By Brandon Martin
The impacts of the coronavirus have hit Henry County Public Service Authority (PSA) customers, but help in the form of Coronavirus Aid, Relief, and Economic Security (CARES) Act, may ease some of the burden for residents and the PSA itself.
Finance Director Darrell Jones said that even though the PSA is not currently cutting off utilities for delinquent accounts, he had a June cut-off list compiled anyway to gauge the revenue loss.
If the PSA were doing cutoffs during the month, 477 accounts were considered delinquent with a delinquent balance of $95,000, according to Jones who said that during a typical month, the PSA only sees around 150 accounts that would require the cutoff of services.
“It’s three times the number I would expect in a normal month,” Jones said.
Stuart Bowman, vice chairman of the PSA Board, asked if the increase in delinquent accounts was due to people not having the funds or if some are taking advantage of the fact that the PSA is currently not terminating services.
“Probably both,” Jones said. “Clearly, there’s many people on there that have not paid their bill since January, so when we do start cutting off, it’s going to be huge. Obviously, I think there are a few that have the ability to pay and know we aren’t cutting off so they are choosing not to pay. I’m also sure that there are people that are financially hurting who may not have the money.”
Jones said that it could take a couple of months to get through the utility cutoffs once they start back up.
The county has donated $200,000 in coronavirus relief funds to social services. Residents can apply for those funds to help pay off utility bills, if they qualify, Jones added.
“If it’s truly a financial burden then they can go to social services, fill out an application, prove financial burden and get assistance on their utility bill,” he said.
PSA General Manager and Henry County Administrator Tim Hall said that there would be an insert included with bills in upcoming months to help notify customers of the grant funds to help them pay their bills.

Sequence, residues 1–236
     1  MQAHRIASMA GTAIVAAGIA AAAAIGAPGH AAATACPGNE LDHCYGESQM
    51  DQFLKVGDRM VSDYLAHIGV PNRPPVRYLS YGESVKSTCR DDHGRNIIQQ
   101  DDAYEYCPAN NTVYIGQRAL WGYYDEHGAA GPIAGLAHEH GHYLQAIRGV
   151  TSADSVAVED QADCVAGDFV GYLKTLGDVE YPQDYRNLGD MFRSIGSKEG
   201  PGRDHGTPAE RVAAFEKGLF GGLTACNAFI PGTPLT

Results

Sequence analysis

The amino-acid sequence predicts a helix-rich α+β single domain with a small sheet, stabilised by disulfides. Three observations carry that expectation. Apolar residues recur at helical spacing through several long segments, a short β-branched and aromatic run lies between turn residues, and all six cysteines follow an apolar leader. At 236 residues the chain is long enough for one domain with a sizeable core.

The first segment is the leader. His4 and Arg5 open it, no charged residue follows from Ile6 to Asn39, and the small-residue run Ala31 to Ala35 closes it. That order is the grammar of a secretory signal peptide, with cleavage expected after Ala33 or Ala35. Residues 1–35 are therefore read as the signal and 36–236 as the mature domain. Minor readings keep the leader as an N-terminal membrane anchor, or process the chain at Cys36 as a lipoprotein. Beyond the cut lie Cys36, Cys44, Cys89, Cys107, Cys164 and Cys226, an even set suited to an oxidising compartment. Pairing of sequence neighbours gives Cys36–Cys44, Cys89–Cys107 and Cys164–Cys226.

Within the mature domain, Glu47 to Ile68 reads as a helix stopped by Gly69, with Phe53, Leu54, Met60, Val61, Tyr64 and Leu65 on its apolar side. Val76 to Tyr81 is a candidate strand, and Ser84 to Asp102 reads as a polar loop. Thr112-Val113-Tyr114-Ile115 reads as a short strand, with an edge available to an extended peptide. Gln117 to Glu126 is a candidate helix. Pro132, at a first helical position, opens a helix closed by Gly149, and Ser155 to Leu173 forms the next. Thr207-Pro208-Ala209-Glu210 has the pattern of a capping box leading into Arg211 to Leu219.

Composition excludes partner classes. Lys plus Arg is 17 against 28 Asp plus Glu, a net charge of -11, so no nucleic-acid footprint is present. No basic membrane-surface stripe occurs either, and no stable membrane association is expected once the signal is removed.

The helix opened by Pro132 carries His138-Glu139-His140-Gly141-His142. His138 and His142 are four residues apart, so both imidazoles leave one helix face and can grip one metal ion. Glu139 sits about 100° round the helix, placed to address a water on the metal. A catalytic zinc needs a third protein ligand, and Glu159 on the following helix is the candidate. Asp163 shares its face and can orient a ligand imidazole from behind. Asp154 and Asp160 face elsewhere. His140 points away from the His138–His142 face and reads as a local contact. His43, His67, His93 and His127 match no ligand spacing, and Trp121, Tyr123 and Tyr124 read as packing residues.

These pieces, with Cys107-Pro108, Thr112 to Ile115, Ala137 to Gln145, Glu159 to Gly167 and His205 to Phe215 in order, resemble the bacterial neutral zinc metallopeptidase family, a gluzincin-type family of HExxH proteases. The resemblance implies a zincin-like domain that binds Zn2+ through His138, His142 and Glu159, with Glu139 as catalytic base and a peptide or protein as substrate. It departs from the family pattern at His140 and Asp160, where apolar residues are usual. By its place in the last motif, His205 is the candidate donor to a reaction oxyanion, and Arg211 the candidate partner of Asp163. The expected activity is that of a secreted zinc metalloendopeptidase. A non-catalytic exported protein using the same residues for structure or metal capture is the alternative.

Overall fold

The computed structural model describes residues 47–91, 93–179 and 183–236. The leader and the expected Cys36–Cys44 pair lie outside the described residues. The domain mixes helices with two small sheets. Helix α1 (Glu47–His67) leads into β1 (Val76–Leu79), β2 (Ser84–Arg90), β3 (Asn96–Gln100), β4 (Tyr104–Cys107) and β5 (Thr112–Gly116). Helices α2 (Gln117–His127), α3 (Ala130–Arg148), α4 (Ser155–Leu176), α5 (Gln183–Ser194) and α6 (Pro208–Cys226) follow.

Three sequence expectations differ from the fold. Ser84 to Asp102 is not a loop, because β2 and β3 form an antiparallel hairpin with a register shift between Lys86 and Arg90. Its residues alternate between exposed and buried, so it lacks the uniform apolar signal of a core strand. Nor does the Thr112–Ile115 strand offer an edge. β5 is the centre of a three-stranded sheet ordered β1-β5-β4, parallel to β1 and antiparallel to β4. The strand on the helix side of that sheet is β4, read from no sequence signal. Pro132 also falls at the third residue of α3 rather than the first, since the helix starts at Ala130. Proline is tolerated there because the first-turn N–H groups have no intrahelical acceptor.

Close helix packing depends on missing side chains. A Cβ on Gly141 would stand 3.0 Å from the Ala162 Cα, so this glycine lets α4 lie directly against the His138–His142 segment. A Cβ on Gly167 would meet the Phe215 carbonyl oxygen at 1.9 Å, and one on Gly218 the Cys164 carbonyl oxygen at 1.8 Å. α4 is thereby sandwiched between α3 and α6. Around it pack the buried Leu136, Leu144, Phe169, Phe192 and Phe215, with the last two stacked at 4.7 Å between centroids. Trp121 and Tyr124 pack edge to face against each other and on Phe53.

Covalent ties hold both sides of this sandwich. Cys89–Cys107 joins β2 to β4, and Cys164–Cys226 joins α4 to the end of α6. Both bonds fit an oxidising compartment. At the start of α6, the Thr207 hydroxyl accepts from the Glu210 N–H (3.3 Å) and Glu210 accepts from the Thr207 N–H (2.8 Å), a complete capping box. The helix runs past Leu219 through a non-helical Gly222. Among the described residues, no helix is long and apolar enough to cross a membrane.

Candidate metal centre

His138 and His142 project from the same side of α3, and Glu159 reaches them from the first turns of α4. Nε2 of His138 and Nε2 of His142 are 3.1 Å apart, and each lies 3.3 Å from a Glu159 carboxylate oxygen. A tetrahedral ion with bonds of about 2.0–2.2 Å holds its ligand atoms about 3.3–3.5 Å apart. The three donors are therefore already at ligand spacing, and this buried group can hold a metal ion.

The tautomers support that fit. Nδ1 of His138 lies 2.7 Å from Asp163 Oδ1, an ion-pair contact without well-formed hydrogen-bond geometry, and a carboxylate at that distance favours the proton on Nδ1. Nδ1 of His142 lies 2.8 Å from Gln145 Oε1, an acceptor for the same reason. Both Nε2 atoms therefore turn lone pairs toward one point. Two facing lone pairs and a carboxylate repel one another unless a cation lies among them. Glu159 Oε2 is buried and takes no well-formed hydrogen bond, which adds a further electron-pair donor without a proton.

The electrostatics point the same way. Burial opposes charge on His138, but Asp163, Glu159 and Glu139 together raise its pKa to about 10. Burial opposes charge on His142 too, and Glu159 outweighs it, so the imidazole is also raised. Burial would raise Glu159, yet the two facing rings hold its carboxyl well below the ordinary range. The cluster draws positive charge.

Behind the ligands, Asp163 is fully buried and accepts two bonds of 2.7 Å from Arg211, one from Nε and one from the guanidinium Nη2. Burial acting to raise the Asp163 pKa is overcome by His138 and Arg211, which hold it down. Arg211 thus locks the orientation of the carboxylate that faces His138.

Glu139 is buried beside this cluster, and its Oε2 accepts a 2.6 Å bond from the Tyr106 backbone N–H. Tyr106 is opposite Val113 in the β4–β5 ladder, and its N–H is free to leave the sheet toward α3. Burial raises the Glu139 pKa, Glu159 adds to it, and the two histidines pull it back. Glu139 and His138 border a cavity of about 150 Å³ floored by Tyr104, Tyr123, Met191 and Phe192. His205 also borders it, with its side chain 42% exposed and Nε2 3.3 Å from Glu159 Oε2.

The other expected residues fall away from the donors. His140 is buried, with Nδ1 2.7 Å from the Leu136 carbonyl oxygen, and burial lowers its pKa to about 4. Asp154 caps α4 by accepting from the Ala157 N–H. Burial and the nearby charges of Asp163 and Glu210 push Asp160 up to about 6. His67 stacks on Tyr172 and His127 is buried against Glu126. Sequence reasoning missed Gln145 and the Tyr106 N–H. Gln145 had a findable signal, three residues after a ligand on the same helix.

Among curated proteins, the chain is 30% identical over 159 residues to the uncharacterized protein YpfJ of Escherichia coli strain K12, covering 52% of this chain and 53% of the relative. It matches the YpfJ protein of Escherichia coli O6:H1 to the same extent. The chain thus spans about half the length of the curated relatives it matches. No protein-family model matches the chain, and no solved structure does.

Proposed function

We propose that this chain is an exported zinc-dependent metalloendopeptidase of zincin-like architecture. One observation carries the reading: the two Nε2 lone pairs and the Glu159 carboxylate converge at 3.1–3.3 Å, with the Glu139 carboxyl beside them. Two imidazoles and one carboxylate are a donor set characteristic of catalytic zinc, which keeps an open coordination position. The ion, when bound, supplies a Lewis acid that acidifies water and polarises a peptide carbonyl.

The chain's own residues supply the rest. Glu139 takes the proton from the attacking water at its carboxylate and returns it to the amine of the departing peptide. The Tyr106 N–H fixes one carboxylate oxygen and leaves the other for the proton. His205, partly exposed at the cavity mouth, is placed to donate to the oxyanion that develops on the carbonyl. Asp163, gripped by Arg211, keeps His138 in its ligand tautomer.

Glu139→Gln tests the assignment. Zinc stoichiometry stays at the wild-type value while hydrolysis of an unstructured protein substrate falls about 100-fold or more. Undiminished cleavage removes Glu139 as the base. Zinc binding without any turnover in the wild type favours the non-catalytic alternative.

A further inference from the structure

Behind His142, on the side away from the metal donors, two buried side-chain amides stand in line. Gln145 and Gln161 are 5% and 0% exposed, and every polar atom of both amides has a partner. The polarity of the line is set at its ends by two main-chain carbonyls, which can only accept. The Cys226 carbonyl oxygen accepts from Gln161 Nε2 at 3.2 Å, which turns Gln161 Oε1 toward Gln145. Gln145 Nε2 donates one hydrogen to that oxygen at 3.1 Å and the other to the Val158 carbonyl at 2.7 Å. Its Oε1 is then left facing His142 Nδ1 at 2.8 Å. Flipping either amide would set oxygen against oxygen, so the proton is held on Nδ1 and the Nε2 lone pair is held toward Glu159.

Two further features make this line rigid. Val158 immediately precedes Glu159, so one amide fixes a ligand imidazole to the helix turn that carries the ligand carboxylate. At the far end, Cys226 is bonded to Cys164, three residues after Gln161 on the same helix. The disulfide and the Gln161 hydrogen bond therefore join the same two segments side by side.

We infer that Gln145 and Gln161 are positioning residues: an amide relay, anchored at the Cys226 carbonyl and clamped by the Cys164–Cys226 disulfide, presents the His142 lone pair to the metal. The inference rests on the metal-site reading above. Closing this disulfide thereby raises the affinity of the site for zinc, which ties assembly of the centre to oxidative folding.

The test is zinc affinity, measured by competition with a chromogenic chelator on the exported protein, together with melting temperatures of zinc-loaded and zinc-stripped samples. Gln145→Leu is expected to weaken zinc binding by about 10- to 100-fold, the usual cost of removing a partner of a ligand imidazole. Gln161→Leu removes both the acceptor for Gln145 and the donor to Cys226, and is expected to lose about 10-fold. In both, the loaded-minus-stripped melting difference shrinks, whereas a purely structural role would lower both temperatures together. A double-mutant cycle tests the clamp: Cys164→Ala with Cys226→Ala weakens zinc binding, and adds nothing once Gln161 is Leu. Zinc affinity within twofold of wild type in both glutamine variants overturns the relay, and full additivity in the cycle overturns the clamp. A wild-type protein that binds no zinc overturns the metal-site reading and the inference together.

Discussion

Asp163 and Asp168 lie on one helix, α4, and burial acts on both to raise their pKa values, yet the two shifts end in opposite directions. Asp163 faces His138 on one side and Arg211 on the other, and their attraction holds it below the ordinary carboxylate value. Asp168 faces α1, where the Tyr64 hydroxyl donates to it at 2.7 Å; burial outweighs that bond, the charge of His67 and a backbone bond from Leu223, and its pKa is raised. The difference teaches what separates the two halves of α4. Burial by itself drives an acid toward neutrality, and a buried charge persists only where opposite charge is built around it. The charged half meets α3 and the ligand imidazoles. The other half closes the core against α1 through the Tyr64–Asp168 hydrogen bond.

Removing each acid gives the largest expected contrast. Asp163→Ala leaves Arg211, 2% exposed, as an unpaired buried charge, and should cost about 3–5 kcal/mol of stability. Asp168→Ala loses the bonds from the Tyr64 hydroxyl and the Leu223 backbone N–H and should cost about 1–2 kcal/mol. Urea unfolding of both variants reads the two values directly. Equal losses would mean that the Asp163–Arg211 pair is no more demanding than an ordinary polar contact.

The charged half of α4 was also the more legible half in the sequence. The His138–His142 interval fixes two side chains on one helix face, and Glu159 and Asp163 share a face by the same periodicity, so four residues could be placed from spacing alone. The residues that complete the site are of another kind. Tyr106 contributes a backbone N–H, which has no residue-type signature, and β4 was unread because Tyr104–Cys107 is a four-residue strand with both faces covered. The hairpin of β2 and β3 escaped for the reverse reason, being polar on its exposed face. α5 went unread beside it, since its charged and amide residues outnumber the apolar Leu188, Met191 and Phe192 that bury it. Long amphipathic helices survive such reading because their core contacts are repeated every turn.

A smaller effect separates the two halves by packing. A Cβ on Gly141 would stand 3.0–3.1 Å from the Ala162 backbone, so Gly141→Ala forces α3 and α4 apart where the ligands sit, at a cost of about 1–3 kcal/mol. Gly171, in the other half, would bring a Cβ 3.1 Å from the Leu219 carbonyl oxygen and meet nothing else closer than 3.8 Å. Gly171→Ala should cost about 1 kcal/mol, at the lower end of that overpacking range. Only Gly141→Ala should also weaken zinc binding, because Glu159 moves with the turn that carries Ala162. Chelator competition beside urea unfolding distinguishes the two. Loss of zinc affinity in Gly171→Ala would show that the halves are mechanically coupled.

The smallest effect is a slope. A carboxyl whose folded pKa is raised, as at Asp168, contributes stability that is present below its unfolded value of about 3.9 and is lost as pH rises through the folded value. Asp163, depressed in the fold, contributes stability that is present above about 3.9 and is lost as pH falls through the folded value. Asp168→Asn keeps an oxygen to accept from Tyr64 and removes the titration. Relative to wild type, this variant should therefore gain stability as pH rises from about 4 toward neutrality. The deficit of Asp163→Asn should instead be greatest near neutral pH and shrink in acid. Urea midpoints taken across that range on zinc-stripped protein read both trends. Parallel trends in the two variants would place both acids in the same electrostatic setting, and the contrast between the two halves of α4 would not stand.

“Their first stop should be social services to get that money to pay their bill,” Hall said. He added that the current date that the payment exemptions extends to is August 31, but an official date of starting the process of cutoffs has not yet been determined.
Jones said some of the delinquent accounts are commercial entities, but the CARES Act grants would only apply to residential bills.
After comparing June revenues of this year with those of the year before, Jones said that water and sewer revenues are down 15 percent. “I was sort of surprised at that,” he said. He added that the previous month, sewer revenues were down nine percent and water was down five percent.
Overall revenues, conversely, are ahead of budget by one percent, according to Jones.
The coronavirus relief funds will also be used to offset other costs that the PSA has incurred due to online transaction fees, which have grown due to the pandemic.
Jones said the fees initially were only about $3,000 per month, but since then have increased to approximately $7,000 a month. The transaction fee is a flat rate incurred through a third party for credit card payments of $2.95 per transaction, for up to a $300 bill, according to Jones.
Hall said that from March through June, $23,635 in fees have been waived by the PSA “which is a substantial amount.” Compared to the same time period in 2019, the usage of the online portal has risen 47 percent, he said.
“One, people didn’t have a lot of choice because I shut the building down, but two, they are getting accustomed to doing that online,” Hall said.
“The county through their CARES Act funding, are actually going to reimburse the PSA for a period of time” to take care of the transaction fees, Jones said.
Hall said the funds will cover the transaction costs until December, which is the cutoff for when coronavirus relief funds can be used.